Dr. Lee Mandel, senior medical officer aboard the aircraft carrier U.S.S. George H.W. Bush, announced in Annals of Internal Medicine that John F. Kennedy suffered from autoimmune polyendocrine syndrome, a rare disorder that can lead to hypothyroidism and other glandular diseases. Mandel, a specialist in internal medicine and an amateur historian, based his findings on abundant medical records now open to the public and stated that Kennedy had more medical issues than most people were aware of.
Thyroid Surgery Safe in People over 65 (October)
A new study, published in Archives of Otolaryngology — Head & Neck Surgery, found that thyroid surgery does not cause more complications in people over 65, versus younger patients. With an aging population, the need for thyroid surgery in older patients is on the rise. The study's authors hope the findings will decrease concerns about the safety of thyroidectomies among this large group.
Thyroid Cancer Risk Increases after Childhood Cancer (October)
British researchers found that patients treated with radiation therapy for childhood cancer had a greater than fourfold increased risk of developing thyroid cancer. The study, published in the International Journal of Cancer, discovered childhood cancer survivors are 18 times more likely to develop thyroid cancer than members of the general population.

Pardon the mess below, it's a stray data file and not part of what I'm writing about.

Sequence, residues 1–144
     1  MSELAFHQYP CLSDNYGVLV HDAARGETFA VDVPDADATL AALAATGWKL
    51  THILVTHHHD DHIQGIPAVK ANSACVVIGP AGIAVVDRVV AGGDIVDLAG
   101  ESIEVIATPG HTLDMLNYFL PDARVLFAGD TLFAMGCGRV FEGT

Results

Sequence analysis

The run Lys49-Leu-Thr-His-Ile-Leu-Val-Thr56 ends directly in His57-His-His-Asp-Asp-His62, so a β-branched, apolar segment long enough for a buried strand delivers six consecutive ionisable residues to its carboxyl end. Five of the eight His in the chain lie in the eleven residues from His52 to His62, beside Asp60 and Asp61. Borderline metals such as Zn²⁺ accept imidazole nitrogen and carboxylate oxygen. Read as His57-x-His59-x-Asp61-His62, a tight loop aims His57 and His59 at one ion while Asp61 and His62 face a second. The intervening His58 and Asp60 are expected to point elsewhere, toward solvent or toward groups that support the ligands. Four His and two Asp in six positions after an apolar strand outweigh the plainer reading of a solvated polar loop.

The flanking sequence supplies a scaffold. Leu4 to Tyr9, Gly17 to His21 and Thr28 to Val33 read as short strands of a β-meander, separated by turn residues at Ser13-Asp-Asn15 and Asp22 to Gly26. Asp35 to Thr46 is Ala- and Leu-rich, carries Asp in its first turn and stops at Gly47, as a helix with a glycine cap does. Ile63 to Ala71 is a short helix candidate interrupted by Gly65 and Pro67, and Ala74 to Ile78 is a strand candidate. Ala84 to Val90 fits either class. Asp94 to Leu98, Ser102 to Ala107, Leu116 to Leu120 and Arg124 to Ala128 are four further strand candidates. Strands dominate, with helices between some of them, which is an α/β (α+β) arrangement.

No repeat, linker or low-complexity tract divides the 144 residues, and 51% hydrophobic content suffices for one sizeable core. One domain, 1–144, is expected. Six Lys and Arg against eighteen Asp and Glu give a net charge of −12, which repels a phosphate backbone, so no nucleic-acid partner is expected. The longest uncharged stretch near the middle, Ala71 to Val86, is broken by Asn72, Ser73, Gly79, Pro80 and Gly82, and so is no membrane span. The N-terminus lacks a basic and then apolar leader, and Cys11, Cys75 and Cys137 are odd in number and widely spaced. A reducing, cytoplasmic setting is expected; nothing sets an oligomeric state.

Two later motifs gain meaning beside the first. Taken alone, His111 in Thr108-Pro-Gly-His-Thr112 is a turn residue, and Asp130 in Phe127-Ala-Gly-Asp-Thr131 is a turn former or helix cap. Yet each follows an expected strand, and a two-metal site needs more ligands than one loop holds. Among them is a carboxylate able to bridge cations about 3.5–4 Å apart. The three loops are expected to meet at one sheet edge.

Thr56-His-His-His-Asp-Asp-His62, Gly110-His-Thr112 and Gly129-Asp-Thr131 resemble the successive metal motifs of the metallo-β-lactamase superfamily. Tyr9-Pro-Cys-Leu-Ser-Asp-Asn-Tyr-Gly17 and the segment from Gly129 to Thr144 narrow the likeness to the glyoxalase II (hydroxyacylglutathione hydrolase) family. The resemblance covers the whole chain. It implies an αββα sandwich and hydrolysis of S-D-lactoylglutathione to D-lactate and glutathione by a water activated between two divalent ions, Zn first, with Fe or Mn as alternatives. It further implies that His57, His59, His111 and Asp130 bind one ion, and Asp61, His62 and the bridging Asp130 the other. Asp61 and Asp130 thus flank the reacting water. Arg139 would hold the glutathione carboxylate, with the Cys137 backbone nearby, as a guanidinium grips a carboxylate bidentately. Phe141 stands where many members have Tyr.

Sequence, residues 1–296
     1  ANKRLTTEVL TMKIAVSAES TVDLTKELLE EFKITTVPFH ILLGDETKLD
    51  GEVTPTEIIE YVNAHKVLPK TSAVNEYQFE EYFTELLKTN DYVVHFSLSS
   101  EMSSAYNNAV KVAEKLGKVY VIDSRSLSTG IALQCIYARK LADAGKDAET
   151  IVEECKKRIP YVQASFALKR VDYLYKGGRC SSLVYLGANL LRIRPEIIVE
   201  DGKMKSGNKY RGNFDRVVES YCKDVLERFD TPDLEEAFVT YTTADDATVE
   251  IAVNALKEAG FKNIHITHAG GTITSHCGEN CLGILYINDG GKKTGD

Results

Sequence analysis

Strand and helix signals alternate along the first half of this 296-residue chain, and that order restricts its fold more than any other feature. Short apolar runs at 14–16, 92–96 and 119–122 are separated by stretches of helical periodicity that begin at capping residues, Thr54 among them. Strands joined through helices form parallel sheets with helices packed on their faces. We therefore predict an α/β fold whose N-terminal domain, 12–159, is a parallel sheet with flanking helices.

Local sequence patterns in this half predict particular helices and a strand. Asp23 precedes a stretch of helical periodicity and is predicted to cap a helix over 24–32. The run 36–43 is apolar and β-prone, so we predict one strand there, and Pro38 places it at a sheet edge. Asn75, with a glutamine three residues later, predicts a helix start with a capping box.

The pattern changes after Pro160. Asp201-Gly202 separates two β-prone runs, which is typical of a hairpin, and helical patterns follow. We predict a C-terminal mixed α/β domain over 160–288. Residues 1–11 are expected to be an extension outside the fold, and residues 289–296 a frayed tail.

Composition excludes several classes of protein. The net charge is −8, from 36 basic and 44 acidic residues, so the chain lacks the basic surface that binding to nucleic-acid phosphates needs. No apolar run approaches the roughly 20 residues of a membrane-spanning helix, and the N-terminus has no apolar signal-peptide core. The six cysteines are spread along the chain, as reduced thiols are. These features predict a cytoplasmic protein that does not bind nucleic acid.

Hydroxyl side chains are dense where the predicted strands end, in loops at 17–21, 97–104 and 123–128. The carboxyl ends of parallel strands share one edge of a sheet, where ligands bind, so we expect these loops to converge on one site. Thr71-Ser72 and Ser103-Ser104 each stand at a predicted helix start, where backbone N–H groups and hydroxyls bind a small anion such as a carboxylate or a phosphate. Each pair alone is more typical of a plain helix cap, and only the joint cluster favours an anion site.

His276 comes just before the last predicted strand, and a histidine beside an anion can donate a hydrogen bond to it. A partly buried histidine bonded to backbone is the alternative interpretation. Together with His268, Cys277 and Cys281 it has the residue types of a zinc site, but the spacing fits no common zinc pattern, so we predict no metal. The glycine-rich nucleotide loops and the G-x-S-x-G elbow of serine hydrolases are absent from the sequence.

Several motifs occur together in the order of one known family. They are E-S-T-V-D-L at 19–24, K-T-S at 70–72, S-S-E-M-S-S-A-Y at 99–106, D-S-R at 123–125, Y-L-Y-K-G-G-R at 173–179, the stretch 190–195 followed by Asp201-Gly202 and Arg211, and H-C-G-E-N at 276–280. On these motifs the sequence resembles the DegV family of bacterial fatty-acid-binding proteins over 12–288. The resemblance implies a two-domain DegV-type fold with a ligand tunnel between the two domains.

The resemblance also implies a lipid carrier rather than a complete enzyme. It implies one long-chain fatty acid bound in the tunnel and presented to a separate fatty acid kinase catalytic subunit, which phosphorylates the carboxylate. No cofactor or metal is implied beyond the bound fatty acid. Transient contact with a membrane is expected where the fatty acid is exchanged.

Thyroid Patients who are Breastfeeding Can Pass Iodine through Breast Milk (November)
A study published in the Journal of Clinical Endocrinology and Metabolism has found that breastfeeding women with excessive iodine intake from thyroid treatment can pass significant amounts of iodine to her infant, which can damage the child's thyroid.
Rockefeller Center Display Reminds People to "Check Your Neck" for Thyroid Cancer (November)
For the entire month of November, a window display at Rockefeller Center reminded Americans to "Check Your Neck" for thyroid cancer. The display featured images from the Light of Life Foundation's public awareness campaign. In a press release, the Light of Life Foundation president and founder Joan Shey, said: "Awareness is the key to early diagnosis and treatment of thyroid cancer. It's appropriate that, as we head into winter and begin to wrap our wool scarves around our necks, we think about checking that vital organ that keeps our bodies regulated."
Possible Link between Pregnancy Complication and Thyroid Problems (November)
New research indicates that pregnant women who develop preeclampsia, a condition characterized by high blood pressure and protein in the urine, are at a higher risk for hypothyroidism (underactive thyroid) later in life.
Drug Used for Thyroid Cancer Treatment is Contaminated (November)
In November, the Food and Drug Administration (FDA) announced that they found small particles of steel, rubber, and fiber in several products produced by Genzyme Corporation, including the thyroid drug Thyrogen. The foreign particles were believed to be in less than 1% of the products, but the FDA reported that this contamination could cause serious health effects for patients. The FDA is not issuing a recall of the drug, citing that there are few alternatives on the market. However, it did make recommendations to practitioners, including discussing with patients and families the risks of contamination, visually inspecting the vials of drugs, and monitoring for allergic reactions after administration.